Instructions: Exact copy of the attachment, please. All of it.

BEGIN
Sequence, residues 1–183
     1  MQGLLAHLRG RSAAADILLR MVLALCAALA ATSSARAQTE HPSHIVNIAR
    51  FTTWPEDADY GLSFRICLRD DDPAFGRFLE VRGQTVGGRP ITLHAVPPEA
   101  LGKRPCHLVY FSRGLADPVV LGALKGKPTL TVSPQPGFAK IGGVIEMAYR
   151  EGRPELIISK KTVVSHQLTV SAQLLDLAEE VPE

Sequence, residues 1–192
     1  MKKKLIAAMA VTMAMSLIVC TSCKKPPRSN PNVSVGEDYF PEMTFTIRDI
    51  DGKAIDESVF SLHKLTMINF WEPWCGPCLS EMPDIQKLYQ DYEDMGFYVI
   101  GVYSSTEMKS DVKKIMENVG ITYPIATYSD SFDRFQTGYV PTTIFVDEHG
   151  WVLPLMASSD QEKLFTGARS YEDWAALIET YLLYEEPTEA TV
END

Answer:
Sequence, residues 1–183
     1  MQGLLAHLRG RSAAADILLR MVLALCAALA ATSSARAQTE HPSHIVNIAR
    51  FTTWPEDADY GLSFRICLRD DDPAFGRFLE VRGQTVGGRP ITLHAVPPEA
   101  LGKRPCHLVY FSRGLADPVV LGALKGKPTL TVSPQPGFAK IGGVIEMAYR
   151  EGRPELIISK KTVVSHQLTV SAQLLDLAEE VPE

Sequence, residues 1–192
     1  MKKKLIAAMA VTMAMSLIVC TSCKKPPRSN PNVSVGEDYF PEMTFTIRDI
    51  DGKAIDESVF SLHKLTMINF WEPWCGPCLS EMPDIQKLYQ DYEDMGFYVI
   101  GVYSSTEMKS DVKKIMENVG ITYPIATYSD SFDRFQTGYV PTTIFVDEHG
   151  WVLPLMASSD QEKLFTGARS YEDWAALIET YLLYEEPTEA TV